What Makes a Project / Commissioning Successful?

What Makes a Project / Commissioning Successful?

I have been told on many occasions that, “an experienced project team is what will make a project successful”.

Is this comment correct?

What constitutes a successful project?

  • Does a successful project mean that the rig/asset will be fully functional and operational as designed, or
  • Does it mean that the project is delivered on time, or
  • Does it mean both the above or something else?

Well, it depends on what you mean by a successful project and the object of the company concerned.

I have been involved in many projects and come across various objectives that a company wants, i.e. a project not to be finished before a certain date, a project that is fully operational but not necessary on time, and of course the most common a fully operational, functional asset delivered on time.

Projects can be, more biased toward meeting schedule than quality, or maybe more biased toward quality, a lot depending on contract terms and schedule for operations. Each party may have a separate objective, and items like penalties for late completion will have an impact or even cancelation of contracts. If the rig has no contract then the delivery schedule may not be so important, and time can be spent on quality.

In saying the above in most cases, it would be fair to say a project to be delivered on schedule and fully functional, operational, and delivered on schedule, so let’s make this assumption.

Does an Experienced Project Team make for a Successful Project?

The short answer is NO, it will not guarantee a successful project to achieve the criteria just stated.

The assumption here is for a new build rig or asset, while an upgrade and reactivation have similar aspects there are quite a few key differences, and a different approach will be required.

Let’s list a few key items for consideration for new construction.

  1. Engineering
  2. Procurement
  3. Planning
  4. Construction
  5. Equipment Installation
  6. Mechanical / Electrical Completion
  7. Commissioning
  8. Is the asset to be constructed a new generation, new technology, or a number 1 design, or has there been several similar models built previously?
  9. Team selection
  10. When are the Project team members to be involved, at what stage, and what priority?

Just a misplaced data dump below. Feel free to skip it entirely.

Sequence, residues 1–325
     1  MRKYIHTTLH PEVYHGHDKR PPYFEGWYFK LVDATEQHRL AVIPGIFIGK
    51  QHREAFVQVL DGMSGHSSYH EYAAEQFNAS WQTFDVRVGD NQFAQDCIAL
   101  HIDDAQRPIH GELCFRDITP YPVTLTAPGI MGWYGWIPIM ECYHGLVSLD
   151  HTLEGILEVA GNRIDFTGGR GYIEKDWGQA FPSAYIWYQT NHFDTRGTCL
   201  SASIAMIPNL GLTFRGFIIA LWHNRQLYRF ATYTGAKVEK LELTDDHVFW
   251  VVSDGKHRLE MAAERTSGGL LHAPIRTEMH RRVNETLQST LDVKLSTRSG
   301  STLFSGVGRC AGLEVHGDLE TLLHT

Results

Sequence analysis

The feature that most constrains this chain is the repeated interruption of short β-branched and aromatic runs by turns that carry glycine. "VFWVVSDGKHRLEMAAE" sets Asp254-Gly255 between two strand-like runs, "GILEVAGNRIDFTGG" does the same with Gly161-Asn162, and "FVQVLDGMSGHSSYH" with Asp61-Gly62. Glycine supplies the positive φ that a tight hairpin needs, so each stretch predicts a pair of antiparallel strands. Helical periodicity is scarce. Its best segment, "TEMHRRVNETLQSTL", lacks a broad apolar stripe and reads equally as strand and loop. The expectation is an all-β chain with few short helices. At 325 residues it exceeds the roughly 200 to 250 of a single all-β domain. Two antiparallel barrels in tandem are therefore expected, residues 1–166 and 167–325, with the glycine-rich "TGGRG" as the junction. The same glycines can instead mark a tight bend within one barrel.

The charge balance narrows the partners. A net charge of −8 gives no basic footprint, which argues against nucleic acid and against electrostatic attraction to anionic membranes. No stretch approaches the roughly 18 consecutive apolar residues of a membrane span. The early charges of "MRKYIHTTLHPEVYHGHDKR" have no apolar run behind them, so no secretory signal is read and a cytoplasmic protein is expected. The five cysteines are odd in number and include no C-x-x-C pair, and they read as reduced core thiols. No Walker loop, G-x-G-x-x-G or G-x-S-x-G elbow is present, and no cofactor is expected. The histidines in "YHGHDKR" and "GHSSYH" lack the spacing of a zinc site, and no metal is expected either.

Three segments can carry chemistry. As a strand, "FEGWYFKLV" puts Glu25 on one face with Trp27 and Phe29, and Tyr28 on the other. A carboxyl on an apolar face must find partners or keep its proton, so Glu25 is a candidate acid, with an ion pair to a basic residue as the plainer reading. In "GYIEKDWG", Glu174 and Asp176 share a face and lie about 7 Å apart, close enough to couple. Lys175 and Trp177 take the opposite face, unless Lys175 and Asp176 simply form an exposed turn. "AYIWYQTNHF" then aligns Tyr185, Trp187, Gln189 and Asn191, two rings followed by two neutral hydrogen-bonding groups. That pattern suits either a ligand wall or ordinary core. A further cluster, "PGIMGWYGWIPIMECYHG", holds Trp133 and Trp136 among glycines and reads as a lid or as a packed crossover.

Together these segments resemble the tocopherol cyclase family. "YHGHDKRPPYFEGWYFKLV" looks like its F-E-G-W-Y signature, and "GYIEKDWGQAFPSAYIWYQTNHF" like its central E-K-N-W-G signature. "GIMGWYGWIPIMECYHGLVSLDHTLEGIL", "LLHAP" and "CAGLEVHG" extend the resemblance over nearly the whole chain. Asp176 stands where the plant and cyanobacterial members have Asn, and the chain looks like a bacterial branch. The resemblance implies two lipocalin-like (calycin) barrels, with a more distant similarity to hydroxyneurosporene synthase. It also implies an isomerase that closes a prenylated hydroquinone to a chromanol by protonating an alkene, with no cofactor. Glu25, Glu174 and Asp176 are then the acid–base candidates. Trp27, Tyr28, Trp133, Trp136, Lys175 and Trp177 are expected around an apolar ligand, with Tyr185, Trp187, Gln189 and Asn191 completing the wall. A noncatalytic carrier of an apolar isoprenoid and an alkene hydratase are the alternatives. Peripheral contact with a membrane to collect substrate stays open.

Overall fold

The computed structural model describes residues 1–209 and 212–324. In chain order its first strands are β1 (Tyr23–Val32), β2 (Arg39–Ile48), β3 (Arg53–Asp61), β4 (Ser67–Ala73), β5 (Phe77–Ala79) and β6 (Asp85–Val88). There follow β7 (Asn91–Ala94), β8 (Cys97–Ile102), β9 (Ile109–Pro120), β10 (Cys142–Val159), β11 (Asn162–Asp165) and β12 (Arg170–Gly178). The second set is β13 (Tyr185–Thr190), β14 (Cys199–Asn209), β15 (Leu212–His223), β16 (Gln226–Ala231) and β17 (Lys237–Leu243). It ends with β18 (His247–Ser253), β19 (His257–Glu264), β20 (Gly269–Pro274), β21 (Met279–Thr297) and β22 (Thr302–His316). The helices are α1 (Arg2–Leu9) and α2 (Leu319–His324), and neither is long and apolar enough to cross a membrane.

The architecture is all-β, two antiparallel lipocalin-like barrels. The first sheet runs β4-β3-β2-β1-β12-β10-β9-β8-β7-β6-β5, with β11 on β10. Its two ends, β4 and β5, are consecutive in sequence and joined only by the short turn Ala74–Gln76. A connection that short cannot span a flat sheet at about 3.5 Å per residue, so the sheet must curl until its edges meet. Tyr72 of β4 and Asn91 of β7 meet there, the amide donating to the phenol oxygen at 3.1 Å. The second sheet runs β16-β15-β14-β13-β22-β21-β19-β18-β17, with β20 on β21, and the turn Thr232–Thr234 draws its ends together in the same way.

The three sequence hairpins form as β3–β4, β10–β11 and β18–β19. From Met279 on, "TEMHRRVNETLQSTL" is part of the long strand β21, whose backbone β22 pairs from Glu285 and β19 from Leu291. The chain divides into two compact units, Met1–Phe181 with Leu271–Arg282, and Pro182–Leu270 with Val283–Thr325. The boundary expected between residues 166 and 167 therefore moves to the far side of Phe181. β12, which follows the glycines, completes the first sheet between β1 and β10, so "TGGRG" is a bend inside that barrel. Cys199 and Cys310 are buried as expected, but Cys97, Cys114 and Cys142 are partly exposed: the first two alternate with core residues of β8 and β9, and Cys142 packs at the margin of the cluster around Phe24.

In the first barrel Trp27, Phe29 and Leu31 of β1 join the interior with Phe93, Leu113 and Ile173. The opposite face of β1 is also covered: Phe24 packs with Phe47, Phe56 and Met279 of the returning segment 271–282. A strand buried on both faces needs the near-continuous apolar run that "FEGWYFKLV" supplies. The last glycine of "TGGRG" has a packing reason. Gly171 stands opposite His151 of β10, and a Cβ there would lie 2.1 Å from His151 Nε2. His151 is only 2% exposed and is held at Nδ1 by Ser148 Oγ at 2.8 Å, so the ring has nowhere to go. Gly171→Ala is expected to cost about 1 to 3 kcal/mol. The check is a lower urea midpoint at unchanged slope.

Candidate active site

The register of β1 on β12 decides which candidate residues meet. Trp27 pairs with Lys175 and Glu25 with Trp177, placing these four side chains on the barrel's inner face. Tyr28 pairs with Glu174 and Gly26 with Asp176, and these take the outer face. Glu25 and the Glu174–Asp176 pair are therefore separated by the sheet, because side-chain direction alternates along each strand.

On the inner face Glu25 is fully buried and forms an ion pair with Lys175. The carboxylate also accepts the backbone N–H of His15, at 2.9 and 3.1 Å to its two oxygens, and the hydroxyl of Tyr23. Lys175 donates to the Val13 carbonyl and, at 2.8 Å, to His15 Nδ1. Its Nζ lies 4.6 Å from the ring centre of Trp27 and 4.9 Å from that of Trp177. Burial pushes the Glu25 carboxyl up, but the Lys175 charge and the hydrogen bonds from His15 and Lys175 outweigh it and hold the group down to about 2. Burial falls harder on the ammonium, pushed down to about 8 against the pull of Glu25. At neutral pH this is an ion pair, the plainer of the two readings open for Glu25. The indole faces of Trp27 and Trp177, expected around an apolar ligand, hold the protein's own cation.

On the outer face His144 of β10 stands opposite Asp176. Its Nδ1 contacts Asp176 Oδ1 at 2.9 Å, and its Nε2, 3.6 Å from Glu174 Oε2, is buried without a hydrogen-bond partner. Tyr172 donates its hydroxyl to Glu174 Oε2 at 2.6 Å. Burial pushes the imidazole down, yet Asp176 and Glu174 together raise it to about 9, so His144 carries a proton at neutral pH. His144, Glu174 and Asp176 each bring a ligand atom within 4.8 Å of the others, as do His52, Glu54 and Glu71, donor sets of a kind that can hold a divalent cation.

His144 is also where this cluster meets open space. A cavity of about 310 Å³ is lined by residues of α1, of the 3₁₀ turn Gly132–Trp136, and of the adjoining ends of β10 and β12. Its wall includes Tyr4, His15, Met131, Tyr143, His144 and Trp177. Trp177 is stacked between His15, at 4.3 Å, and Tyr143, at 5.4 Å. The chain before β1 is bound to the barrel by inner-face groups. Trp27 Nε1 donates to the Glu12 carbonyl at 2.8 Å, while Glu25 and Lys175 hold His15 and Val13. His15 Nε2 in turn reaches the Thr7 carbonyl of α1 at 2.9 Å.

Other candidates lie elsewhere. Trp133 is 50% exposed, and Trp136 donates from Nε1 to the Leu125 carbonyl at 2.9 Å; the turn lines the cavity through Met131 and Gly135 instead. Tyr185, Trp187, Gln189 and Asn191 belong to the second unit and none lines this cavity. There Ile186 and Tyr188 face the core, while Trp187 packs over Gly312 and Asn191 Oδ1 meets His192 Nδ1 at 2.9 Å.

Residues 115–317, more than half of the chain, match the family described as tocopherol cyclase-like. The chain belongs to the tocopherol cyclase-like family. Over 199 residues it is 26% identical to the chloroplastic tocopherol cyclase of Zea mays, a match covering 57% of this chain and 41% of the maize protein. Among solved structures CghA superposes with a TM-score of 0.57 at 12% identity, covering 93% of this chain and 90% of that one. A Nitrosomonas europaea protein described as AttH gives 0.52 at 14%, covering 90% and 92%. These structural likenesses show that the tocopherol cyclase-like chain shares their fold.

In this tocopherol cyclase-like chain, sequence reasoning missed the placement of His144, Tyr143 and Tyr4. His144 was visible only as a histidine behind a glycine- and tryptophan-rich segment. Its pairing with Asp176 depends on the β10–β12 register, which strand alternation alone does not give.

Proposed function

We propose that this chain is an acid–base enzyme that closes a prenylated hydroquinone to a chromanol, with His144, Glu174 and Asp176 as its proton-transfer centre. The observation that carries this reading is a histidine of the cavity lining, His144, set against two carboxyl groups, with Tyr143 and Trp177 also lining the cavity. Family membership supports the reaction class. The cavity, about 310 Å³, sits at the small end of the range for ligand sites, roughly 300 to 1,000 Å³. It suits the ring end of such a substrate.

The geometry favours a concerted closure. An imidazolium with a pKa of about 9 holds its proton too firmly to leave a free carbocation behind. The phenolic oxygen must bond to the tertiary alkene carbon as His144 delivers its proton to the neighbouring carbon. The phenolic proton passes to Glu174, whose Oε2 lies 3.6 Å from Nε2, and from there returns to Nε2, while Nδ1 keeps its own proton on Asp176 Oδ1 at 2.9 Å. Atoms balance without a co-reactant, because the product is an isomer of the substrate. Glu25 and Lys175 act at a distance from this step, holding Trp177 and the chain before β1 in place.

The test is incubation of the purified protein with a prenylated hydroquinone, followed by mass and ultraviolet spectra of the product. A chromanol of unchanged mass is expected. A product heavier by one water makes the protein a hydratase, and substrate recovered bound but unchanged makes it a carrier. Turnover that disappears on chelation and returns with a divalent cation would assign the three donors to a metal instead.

11. Experience of the company and what processes and procedures are in place.
  12. Shipyard Experience
  13. Does the rig have a contract or not?

As can be seen from the list, a fair amount of consideration is required.

To date, I have been involved in well over 100 projects from this being the from the Operator acceptance/project team (Shell, BP, Chevron, etc.), or the drilling contractor (Transocean, Seadrill, Ensco, etc.) and at all different stages, from Front End Engineer Design (FEED) to taking the asset into initial operations. The starting stage will generally depend on item 8, in the previous list. It is not possible to go through all the scenarios listed as this would be an extensive manual, however, we can generally view some of the items that will greatly enhance a project’s success, and list some mistakes I have seen repeatedly.

Project Team Selection

It’s fair to say that every company/party, will look at obtaining the best project team to suit their purpose.

The project team members may join the project at various stages but normally at the time of construction, and some later during construction, if a new design, No.1 may be earlier during aspects of engineering. 

Project Teams are pretty much made up of standardized positions, i.e., project manager, commissioning manager, commissioning engineers, technicians, scheduler/planner, and admin.

The project team in all positions is usually busy just looking after their own scope of work, i.e., the PM is dealing with project contractual issues, budget, meetings, etc. The leads are busy approving/writing procedures, planning for the project, for the next commissioning system, inspecting, commissioning, and having meetings, The actual QA team is usually out in the field most of the day witnessing the inspections with little time to plan.

The project activities are normally managed and scheduled by the yard, except if the owner is managing OFE (owner furnished Equipment).

So, everyone is busy doing their job. The commissioning Manager is planning all the commissioning activities, meeting with various parties, planning the commissioning schedules, and maybe also involved in some commissioning.

The scheduler inputs information that he is given from the yard, or project team if a company is conducting its own commissioning which is usually not the case these days as most projects, or the majority of the project will be turnkey.

There is something missing in most cases – someone to manage the actual project planning and tie things together, someone not busy with other items as stated above.

Let’s look at a simple analogy that everyone understands.

A project is only as strong as the weakest link.

The diagram below shows the complexity of information flow and links between parties, collating this is almost impossible and many times there is no record or communications between parties

While the project team will interface with the shipyard and be involved in the various inspection and activities they will not be involved in the internal communications between the shipyard and vendors etc.

 In addition to this in many cases, the yard will not want all information to the asset owner known for many reasons. For the aforesaid reason, it is essential for the yard and project team to have good relations and free information flow. Mistake for project teams to start fighting with the yard as little cooperation will be received.